Drug dogs return to high school for new year

 
Drug dogs return to high school for new year

Police officers, drug dogs and an adminstrator may search lockers, and when a dog lies down, that means there are drugs. (Photo by Cristina Vasquez-Muniz )

Addie Conway
Staff Writer

  After a year of using the drug dogs, school officials will again use them for the 2010-2011 school year.
“High schools across the country are having issues with drugs; it’s not just Webster,” said Officer Eric Weimer. “Marijuana, prescription drugs and heroin are being showed as on the rise in Webster. Evidence of heroin is being shown everywhere in Webster, St. Louis and even the country. The entire country is on a heroin epidemic.”
“Heroin isn’t being seen just in Webster or just in Kirkwood,” said nurse JoAnn Nestor. “It’s all over St. Louis. There are more pure forms of it, along with heroin being cheaper. Those who aren’t willing to stick needles in themselves, now have non-injectable forms that they’re more willing to do.”
Marijuana, prescription drugs, heroin, alcohol, attention deficit disorder medications, neurotic pain relievers and over the counter medicines are among some of the most commonly abused substances in America, according to Nestor.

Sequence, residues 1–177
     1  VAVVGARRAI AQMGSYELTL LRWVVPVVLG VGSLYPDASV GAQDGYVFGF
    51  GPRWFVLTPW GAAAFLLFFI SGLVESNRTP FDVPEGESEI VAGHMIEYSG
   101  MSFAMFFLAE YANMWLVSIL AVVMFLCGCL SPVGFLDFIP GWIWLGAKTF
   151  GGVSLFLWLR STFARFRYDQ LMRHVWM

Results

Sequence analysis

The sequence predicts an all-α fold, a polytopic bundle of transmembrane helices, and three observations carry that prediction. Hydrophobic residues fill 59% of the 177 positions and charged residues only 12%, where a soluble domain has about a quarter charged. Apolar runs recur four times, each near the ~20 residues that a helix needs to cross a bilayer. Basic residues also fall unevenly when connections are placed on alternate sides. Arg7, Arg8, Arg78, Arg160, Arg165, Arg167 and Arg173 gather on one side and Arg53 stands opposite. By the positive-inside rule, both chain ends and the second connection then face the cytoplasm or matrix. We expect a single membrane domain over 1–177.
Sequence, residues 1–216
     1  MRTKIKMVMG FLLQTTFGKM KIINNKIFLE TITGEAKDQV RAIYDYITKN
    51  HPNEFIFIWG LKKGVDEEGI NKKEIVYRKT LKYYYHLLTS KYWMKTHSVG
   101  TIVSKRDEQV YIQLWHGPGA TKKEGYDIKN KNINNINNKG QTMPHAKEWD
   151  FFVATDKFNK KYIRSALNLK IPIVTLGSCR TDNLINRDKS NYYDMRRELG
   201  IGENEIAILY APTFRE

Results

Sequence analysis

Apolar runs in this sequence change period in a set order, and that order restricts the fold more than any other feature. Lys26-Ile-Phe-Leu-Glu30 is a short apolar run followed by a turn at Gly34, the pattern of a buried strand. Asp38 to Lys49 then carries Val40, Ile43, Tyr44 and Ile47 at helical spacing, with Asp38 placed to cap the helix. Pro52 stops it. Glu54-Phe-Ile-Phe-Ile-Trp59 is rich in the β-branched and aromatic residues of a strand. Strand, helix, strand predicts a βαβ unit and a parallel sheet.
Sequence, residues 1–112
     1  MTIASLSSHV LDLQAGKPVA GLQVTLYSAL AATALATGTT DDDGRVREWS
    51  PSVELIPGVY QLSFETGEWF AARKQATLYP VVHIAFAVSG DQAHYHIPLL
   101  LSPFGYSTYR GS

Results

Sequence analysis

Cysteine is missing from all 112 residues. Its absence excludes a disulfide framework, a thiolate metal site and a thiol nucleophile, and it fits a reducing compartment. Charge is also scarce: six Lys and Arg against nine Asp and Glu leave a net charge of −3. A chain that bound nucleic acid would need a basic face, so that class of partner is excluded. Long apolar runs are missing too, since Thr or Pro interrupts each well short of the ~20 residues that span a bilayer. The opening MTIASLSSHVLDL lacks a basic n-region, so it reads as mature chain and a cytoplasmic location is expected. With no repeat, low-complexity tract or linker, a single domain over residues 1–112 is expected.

At WGHS being found with drugs and/or alcohol is very serious. A first infraction includes suspension for a minimum of 10 days and a maximum of 30 days, parent and law enforcement notified, a drug and alcohol assessment and at least four sessions of either Alcohol Anonymous or Neurotic Anonymous. A second infraction includes a minimum suspension of 90 days and a maximum of being expelled, with parent and law enforcement notified yet again.

“The consequences are still the same; though with harder drugs, they might be stiffer. Certainly, the law punishments would be harsher; it could elevate the punishment from a misdemeanor to a felony,” said Weimer

The dogs are passive and will lie down when finding drugs, search both parking lots and the lockers with an administrator.

“Students are aware that we’re serious, and they know the possibility that they could get caught if they bring drugs to school in their lockers or their cars,” said assistant principal John Raimondo.

“There are things in place like a crisis counselor, a school social worker, and we’re working on bringing awareness curriculum, with things like assemblies. We’re doing a lot more to catch drugs in the school as well. When students cut, we search them. With our drug level at an unacceptably high level, that exceeds the national level, kids and parents are concerned. Where drugs are sold, or there are drug wars going on, that’s unsafe. We want Webster to be a safe place, where everyone feels safe, with no drugs,” Raimondo said.



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